Finding Professional Help for Pet Behavior Problems
What’s in a Name? continued...
Although CCPDT certification means that a trainer has met the minimum educational, experiential and ethical standards required of the pet-behavior profession, it does not guarantee that she or he meets a specified level of professional competence. Even if a trainer has earned a CPDT title, it’s important to ask for recommendations and conduct a careful interview before employing her or him. We’ll discuss how to evaluate a trainer or behavior expert to the best of your ability below.
Applied Animal Behaviorists, Certified Applied Animal Behaviorists (CAABs) and Associate Certified Applied Animal Behaviorists (ACAABs)
An applied animal behaviorist has earned an MS, MA or PhD in animal behavior. They are experts in dog and cat behavior and often in the behavior of other companion animal species as well, such as horses and birds. Some applied animal behaviorists are veterinarians who have completed a residency in animal behavior. Some behaviorists have also met the requirements for certification by the Board of Professional Certification of the Animal Behavior Society (ABS). Certified Applied Animal Behaviorists (CAABs, those with a doctoral degree) and Associate Certified Applied Animal Behaviorists (ACAABs, those with a master’s degree) received supervised graduate or post-graduate training in animal behavior, biology, zoology and learning theory at accredited universities. They possess the relevant education, research and practical experience according to specified academic and ethical standards. They are an exclusive group, numbering only about 50 in all of North America.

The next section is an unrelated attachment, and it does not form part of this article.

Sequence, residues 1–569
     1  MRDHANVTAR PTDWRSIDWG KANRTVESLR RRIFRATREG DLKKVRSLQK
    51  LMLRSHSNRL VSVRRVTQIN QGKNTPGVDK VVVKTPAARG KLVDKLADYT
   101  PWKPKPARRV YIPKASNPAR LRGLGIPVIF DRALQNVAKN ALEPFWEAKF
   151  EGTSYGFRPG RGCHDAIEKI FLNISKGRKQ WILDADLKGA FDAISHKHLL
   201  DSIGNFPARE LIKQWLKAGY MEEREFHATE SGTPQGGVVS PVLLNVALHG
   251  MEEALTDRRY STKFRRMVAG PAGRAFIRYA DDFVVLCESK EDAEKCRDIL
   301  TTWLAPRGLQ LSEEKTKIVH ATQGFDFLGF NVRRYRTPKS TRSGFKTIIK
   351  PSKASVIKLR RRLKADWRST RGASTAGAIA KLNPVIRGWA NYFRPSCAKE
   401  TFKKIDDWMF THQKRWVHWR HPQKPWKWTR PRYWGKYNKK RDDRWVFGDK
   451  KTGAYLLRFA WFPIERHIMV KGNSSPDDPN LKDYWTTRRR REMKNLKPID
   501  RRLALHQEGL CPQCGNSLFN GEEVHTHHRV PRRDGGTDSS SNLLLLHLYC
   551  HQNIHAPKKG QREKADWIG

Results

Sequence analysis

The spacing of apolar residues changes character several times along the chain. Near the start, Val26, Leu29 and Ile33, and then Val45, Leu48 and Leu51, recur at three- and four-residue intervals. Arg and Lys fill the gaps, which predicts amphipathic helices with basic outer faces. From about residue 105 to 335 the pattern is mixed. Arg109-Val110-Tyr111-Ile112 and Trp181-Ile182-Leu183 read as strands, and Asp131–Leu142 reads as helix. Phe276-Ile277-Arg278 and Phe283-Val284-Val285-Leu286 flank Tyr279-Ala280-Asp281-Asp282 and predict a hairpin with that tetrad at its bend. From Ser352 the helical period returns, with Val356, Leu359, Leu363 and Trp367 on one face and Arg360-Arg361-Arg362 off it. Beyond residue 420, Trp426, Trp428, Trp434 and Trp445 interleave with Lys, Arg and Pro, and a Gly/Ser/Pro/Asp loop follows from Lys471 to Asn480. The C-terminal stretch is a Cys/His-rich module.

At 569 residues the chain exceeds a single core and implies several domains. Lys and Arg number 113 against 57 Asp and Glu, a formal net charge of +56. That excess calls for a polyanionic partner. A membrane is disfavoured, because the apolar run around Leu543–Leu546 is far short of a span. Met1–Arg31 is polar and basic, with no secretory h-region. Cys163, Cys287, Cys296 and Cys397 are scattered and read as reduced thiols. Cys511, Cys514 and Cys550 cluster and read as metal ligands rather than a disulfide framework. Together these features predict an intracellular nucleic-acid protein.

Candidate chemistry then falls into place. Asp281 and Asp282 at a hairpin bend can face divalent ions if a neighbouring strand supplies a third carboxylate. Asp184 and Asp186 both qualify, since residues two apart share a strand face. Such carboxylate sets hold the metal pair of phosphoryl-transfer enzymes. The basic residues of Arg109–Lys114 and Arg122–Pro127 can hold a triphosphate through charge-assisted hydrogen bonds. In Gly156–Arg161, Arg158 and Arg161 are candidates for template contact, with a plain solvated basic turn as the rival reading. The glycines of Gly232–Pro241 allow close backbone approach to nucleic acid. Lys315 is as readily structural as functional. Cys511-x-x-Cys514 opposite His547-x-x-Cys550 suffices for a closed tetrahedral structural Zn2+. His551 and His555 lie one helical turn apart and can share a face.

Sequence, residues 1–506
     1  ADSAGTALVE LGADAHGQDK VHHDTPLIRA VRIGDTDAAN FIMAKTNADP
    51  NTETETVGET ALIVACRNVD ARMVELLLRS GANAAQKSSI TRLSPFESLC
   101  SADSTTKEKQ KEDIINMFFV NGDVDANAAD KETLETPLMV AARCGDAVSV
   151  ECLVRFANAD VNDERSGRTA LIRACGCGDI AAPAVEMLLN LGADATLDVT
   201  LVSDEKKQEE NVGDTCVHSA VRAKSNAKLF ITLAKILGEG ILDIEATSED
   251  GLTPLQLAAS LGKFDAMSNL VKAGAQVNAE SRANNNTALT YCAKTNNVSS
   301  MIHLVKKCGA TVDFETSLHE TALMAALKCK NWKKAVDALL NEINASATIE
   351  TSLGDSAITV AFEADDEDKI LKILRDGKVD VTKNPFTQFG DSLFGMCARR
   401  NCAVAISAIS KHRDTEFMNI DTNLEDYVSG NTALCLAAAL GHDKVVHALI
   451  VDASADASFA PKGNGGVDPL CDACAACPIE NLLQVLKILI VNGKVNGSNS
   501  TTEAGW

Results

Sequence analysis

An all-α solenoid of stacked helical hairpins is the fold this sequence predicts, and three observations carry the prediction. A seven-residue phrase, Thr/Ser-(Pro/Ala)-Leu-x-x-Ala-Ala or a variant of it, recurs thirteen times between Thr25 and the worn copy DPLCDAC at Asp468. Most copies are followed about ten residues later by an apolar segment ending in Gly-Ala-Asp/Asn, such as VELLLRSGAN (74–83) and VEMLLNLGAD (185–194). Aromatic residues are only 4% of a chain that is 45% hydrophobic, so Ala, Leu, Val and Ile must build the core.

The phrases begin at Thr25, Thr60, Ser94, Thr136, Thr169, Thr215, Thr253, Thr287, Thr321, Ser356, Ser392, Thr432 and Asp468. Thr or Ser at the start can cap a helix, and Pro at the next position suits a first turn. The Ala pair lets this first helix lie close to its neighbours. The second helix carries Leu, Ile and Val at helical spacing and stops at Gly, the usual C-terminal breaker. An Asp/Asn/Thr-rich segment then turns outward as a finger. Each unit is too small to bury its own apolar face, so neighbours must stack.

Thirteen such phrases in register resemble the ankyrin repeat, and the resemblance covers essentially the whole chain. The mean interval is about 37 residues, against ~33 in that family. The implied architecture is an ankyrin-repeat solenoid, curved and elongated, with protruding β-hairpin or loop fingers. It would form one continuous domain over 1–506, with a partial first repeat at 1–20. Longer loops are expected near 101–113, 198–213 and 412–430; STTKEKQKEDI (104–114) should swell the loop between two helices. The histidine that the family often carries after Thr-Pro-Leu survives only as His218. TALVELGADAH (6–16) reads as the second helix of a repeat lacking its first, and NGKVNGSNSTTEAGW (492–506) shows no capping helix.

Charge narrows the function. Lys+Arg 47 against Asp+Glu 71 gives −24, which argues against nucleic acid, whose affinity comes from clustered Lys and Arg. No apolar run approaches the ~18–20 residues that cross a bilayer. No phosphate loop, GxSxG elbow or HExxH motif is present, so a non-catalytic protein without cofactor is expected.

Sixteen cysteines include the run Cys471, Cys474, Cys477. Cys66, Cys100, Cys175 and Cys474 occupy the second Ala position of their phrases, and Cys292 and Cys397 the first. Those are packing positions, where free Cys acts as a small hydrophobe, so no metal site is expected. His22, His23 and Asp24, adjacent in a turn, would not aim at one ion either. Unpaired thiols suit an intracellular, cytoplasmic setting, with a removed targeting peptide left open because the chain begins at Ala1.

Effective applied animal behaviorists will have expertise in (a) behavior modification, so they know the techniques that produce changes in behavior, (b) the normal behavior of the species they’re treating, so they can recognize how and why your pet’s behavior is abnormal, and (c) teaching and counseling people, so they can effectively teach you how to understand and work with your pet. Many applied animal behaviorists know basic common medical conditions that can impact an animal’s behavior. Most are also familiar with psychotropic medications, such as tranquilizers and antidepressants, which can enhance the effectiveness of a treatment program. Most CAABs work through veterinary referrals, and they work closely with veterinarians to select the best behavioral medications for pets. You can find a list of CAABs and ACAABs at www.certifiedanimalbehaviorist.com.